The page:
The Trestle Isn’t the High Line But It Could Be a Great Addition to St. Louis

It was the best of times, it was the worst of times. That's a bit melodramatic, but the story of elevated parks in New York and St. Louis is truly a tale of two cities. New York's High Line, its saving, transformation and end result, has been lauded in every major news and design publication. National Geographic titled it the "Miracle Above Manhattan". And it should be celebrated. Opened in 1934, the elevated tracks eliminated 105 grade crossings in NYC. A portion was demolished as early as 1960 and the line was abandoned in 1980. A grassroots effort to preserve the structure began in 1999, ultimately receiving support from Mayor Bloomberg. The first section opened as a park in 2009.

Urban elevated railways aren't rare. While many have been demolished, many can still be found, especially in older cities with central rail lines that served a once vibrant manufacturing base. In St. Louis, the elevated track is simply referred to as the Trestle. As City Garden's albatross will always be the comparison to Chicago's Millennium Park, the Trestle seems destined to be saddled with never-ending references to the High Line. Such a comparison is not only incorrect, it's terribly detrimental to St. Louis's effort to preserve and reuse the Trestle.

{the High Line being enjoyed by tourists and residents alike}

{the vision for southern landing of the Trestle}

{the southern landing as it appears today}

St. Louis is not New York. Repeat 5x. Simple. Manhattan has 71K residents per square mile. St. Louis? 5K. So why are the High Line and the Trestle set as kindred efforts? Physical form is not enough to ignore cultural, commercial and contextual factors. In fact, urban planning, renewal and development efforts routinely suffer and fail for a lack of context. Why do the renderings of the Trestle show a pedestrian walkway with a multitude of benches and other amenities more akin to the High Line than a lightly used bike path through a sparsely used industrial zone? To be sure, the images created by the HOK Planning Group are more vision than plan, yet they set an unrealistic tone that will ultimately disappoint. This is why the adopted new urbanist refrain of, "St. Louis should be the best St. Louis it can be," rings true in this instance (and many others).

{the High Line in Manhattan's Meatpacking District}

{the Trestle traverses the sparse light industrial zone of St. Louis' north riverfront}

A recent article in the Post-Dispatch takes up the erroneous framing of the project, "New York has the High Line, and Paris has the Promenade Plantée. Both are lush linear parks on top of old railroad trestles. They snake through urban landscapes and attract millions of pedestrians a year. If the Great Rivers Greenway District has its way, St. Louis will have one too." The Trestle will not attract millions, new hotels will not be built straddling the elevated park, as has been done in New York. The city has committed to keeping the land traversed by the Trestle as light industrial and warehousing.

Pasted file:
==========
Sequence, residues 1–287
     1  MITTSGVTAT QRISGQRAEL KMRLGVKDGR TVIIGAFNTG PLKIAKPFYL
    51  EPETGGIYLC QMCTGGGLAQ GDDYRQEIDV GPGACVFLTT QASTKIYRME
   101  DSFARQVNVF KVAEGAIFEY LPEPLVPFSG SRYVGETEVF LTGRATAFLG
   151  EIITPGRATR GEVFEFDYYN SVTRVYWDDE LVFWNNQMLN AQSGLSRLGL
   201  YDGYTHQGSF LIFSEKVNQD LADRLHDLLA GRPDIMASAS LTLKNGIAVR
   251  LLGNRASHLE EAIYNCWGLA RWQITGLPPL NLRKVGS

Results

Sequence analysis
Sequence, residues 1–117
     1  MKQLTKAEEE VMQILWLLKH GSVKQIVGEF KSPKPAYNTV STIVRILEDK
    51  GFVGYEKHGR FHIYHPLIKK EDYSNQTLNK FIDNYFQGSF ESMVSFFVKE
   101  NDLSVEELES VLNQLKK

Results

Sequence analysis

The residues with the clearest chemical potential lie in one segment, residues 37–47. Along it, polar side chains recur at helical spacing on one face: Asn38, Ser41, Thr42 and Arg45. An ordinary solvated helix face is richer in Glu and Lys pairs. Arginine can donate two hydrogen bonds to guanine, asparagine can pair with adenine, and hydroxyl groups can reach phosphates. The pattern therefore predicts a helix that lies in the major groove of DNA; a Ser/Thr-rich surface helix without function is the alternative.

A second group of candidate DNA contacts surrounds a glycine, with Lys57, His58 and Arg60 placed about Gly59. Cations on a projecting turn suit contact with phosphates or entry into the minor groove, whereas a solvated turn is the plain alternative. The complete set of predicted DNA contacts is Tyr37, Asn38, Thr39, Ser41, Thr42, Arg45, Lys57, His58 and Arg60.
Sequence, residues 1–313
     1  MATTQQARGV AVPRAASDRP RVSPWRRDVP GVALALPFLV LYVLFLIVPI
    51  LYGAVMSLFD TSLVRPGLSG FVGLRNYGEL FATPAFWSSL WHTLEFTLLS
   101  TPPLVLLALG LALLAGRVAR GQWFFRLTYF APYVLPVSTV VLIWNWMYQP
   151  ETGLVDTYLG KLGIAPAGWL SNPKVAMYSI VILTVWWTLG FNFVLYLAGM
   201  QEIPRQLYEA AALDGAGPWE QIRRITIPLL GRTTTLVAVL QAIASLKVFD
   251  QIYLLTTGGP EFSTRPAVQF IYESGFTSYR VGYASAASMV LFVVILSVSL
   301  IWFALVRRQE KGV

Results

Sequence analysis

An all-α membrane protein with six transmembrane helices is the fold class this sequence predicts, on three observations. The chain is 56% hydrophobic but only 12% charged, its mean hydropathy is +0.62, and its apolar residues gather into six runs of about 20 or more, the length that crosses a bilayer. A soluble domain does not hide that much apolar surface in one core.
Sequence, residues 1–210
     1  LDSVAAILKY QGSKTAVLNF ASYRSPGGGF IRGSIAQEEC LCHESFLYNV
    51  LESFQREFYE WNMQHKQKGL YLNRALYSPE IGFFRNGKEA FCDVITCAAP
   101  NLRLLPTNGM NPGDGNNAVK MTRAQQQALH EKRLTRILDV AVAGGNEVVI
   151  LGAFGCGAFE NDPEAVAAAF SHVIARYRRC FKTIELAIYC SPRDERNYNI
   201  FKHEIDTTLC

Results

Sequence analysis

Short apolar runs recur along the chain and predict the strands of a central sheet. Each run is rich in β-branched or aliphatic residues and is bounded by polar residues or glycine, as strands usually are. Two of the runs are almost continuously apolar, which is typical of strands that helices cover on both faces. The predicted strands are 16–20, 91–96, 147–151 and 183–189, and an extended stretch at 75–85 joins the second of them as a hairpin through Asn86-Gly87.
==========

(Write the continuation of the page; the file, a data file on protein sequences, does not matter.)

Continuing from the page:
So what should the Trestle become? The simple, functional $12M McKinley Bridge Bikeway is a good example. The northern end of the Trestle would meet the Bikeway, and serve as a connection to both the North Riverfront Trail and the McKinley Bridge and Illinois. Riding the Bikeway is a great, if brief experience. As a city, we are surprisingly disconnected from our working waterfront, the largest inland port in the nation (unless you count Houston). Extending that experience with the Trestle would offer the best bike path in the city and reconnect the near north neighborhoods with the river.

{the McKinley Bridge Bikeway could be a model for the Trestle}

The first two sections, 1.5 miles, of the High Line cost $152M to transform. In St. Louis, Great Rivers Greenway, the region's bicycle and pedestrian connection authority, purchased the 1.5-mile Trestle for $1.5M in 2004. There was little threat of demolition. For better or worse, much of St. Louis is inexpensive and is left standing until it falls on its own. The organization often takes advantage of what has traditionally been referred to as "rails to trails", repurposing unused rail lines as linear parks, and completed the McKinley Bridge Bikeway project.

{the vision presented for the Trestle is inspiring, but does it work?}

As inspiring as it may be, comparisons to the High Line and the Promenade Plantée in Paris are misleading and potentially damaging. I believe it is incredibly important to create new connections in our city scarred by innumerable barriers and the Trestle should be put back into use as soon as practical. To do this we need not aspire to replicate unrelated projects in others cities. Let's not wait for a $100M City Garden in the sky. We need to create a public space for St. Louis, by St. Louis and of St. Louis, and celebrate that.

The Trestle – St. Louis